All of his meanderings lead to the questions of origins. He is interested in the complex mechanisms (luck, chance, and happenstance) that lead to a person’s conception. In other words, he may start with the central character’s story—Pip’s story where he hints at an unconventional mother and a missing father, but then we eventually get the entire story of the courtship of Pip’s parents. Sometimes the backstory of the characters would burden the narrative. The novel moves forward slowly as it taps into the lengthy past.
You probably know the feeling—you are interested in a certain character in a book, but then are yanked into a different world and time altogether—and you wait (sometimes impatiently) for the author to get back to the present.
Similarly, the pacing of the novel feels off at times. Pip, the heroine, leaves her transient home as a squatter in Oakland, California to live in a commune sort of situation in South America called the Sunlight Project, which is run by the above-mentioned murderer who fled East Germany after the fall of the Berlin Wall. This utopia relies on the adrenalin rush of computer hackers (do-gooders) who believe in the power of transparency.
This rush of information is the counterpoint to Wolf’s earlier life in a restricted communist state. The setting of the commune feels like a summer camp, as Pip takes daily hikes, gossips with the girls, and imagines being the chosen one of Wolf. The idealism of Pip and her sense of integrity is compromised by her desire to sleep with the boss.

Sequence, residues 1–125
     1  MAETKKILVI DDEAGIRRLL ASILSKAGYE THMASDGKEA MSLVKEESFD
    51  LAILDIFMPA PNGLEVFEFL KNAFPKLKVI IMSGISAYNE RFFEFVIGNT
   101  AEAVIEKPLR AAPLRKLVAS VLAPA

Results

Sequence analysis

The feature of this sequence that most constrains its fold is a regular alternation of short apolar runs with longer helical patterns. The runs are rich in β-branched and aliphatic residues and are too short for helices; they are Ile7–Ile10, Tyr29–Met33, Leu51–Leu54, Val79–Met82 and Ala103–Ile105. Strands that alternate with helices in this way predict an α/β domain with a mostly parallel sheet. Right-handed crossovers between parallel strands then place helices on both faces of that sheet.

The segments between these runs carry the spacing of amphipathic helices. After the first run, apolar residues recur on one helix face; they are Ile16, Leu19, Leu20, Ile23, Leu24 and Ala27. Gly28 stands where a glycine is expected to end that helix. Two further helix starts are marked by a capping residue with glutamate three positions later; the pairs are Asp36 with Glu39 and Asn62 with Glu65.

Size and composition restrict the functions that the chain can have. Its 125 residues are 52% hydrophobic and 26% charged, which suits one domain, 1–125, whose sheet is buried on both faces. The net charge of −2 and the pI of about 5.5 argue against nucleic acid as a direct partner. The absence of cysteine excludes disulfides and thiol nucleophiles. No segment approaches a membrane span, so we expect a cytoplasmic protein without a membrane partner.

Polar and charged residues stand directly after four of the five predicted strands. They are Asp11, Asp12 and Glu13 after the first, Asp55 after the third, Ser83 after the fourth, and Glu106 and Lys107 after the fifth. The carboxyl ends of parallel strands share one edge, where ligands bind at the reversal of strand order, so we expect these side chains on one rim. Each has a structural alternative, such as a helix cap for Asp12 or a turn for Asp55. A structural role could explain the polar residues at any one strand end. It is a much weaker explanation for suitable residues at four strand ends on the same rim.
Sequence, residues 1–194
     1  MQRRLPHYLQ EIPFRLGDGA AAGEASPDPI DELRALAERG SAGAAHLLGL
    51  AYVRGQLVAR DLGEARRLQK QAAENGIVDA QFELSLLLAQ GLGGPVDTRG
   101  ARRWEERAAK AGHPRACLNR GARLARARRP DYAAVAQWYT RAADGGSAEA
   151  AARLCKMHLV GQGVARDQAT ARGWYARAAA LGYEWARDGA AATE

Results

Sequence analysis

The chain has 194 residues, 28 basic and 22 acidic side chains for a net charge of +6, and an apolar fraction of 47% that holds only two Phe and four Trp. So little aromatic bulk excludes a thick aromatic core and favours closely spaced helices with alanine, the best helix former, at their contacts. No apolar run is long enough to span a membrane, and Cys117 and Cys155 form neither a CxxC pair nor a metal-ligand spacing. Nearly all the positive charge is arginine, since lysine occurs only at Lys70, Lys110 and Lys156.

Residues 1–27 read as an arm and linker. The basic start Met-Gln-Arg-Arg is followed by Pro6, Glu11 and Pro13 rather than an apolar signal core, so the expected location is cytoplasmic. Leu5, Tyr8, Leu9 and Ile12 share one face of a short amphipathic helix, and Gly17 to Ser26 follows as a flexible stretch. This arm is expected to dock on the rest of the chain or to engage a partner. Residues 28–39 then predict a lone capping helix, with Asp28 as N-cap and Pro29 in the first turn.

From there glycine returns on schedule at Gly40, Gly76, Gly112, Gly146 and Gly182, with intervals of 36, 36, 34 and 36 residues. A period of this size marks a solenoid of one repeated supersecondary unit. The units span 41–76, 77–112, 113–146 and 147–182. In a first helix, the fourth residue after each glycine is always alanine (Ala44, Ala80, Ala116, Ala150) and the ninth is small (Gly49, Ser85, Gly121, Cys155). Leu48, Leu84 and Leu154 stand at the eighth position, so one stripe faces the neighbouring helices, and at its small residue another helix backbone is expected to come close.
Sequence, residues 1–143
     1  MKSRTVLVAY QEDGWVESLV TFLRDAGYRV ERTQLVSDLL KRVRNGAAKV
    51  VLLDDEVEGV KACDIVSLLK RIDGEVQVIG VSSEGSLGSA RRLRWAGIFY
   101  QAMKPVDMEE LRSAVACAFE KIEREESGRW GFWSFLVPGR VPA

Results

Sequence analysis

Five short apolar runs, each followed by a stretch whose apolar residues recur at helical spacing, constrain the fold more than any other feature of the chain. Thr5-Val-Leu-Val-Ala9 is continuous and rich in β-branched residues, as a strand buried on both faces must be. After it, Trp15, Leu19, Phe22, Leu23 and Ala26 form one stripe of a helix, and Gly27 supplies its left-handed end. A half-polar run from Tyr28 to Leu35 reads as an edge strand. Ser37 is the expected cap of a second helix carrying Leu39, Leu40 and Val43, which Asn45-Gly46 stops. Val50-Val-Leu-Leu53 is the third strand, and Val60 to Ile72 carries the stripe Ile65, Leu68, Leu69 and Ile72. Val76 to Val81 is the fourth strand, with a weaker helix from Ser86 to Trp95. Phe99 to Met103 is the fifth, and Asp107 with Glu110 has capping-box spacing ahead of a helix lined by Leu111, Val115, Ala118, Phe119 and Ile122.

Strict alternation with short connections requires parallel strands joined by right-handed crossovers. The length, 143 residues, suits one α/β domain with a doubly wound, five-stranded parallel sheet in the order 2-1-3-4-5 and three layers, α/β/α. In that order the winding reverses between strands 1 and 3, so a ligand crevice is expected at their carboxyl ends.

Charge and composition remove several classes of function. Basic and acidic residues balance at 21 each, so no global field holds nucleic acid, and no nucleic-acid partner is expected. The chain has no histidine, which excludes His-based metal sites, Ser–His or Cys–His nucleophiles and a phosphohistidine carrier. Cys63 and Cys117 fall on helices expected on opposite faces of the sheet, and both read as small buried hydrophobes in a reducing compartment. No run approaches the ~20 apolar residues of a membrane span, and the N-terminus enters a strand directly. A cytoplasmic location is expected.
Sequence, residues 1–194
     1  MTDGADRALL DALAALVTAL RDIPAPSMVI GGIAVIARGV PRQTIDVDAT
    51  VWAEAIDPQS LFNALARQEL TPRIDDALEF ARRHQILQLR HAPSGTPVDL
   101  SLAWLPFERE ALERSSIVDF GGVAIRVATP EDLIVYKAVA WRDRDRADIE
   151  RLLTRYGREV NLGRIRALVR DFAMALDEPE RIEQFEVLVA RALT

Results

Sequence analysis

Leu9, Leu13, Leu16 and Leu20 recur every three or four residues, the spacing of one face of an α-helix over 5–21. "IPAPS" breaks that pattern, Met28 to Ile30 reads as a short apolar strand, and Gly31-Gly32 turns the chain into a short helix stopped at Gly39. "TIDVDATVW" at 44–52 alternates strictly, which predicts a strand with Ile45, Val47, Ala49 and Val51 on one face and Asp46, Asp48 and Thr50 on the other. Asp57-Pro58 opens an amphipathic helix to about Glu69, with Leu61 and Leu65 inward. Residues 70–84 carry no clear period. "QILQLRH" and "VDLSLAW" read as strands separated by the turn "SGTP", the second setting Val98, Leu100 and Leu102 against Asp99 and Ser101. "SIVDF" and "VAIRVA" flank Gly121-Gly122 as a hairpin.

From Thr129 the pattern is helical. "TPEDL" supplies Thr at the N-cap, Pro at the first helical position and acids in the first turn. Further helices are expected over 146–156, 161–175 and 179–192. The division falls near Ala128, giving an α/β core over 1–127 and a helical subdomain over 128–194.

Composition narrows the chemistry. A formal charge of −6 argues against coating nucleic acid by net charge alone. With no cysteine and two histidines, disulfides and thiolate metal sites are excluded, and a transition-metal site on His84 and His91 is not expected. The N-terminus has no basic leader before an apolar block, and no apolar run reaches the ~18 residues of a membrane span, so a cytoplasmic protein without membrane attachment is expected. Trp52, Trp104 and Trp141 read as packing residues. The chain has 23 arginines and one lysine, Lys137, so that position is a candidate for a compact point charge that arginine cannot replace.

Her indecisiveness perhaps gets too much play in the novel. She decides not to sleep with the boss at the last minute (a long scene leading to the fact), followed by her decision to sleep with the boss, followed by yet another long scene when she again changes her mind. This is fine—yes, realistic, too—and yet as I read it I felt myself impatiently waiting for this part of the novel to be over. I understand the value of a good sex scene (or lack-thereof), but the book has so many of these sexual teases that it starts to get predictable.
When Pip comes back to the United States (after being ordered to return by Wolf) she ends up working for a newspaper in Denver. This newspaper is a counterpoint to the computer hacking at the Sunlight Project. Coincidentally enough, her long lost father runs to the newspaper. (Actually it is not a coincidence because her boss has ordered her to go there.) At the paper she runs in to the same set off toxic problems that occur throughout the book, namely how her sexuality and identity have become intertwined.
If the questions of Pip’s love life and origins become cumbersome, Franzen’s side stories are imaginative bulls-eyes. My favorite part of the book is when a reporter tracks down a story about nuclear weapons. The reporter tracks down the source at a fast-food restaurant. As she squats on the floor, she hears the story of a fake nuclear weapon getting used as a prop in a Facebook photo. The story is wonderfully outlandish and over-the-top and in this Franzen is perhaps making a comment about our society’s thirst for knowledge as if knowledge is just another commodity.
Franzen doesn’t come down on one political side or the other—he parodies the seekers of knowledge as well as the ones who leak knowledge. He looks at our modern world with eyes wide open and hints at a crumbling future, as well as a crumbling past.